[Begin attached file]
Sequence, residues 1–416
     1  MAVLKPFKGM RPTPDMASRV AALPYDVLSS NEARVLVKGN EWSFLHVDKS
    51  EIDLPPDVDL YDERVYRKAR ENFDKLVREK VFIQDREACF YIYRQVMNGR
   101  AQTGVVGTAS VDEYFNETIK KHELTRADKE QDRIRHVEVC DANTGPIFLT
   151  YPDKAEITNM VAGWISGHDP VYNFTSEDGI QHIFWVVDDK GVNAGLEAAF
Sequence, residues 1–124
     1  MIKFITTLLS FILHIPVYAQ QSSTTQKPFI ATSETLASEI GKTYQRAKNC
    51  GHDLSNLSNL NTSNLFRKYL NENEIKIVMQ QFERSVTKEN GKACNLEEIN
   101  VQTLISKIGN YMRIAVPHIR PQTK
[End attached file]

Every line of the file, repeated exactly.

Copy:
Sequence, residues 1–416
     1  MAVLKPFKGM RPTPDMASRV AALPYDVLSS NEARVLVKGN EWSFLHVDKS
    51  EIDLPPDVDL YDERVYRKAR ENFDKLVREK VFIQDREACF YIYRQVMNGR
   101  AQTGVVGTAS VDEYFNETIK KHELTRADKE QDRIRHVEVC DANTGPIFLT
   151  YPDKAEITNM VAGWISGHDP VYNFTSEDGI QHIFWVVDDK GVNAGLEAAF
Sequence, residues 1–124
     1  MIKFITTLLS FILHIPVYAQ QSSTTQKPFI ATSETLASEI GKTYQRAKNC
    51  GHDLSNLSNL NTSNLFRKYL NENEIKIVMQ QFERSVTKEN GKACNLEEIN
   101  VQTLISKIGN YMRIAVPHIR PQTK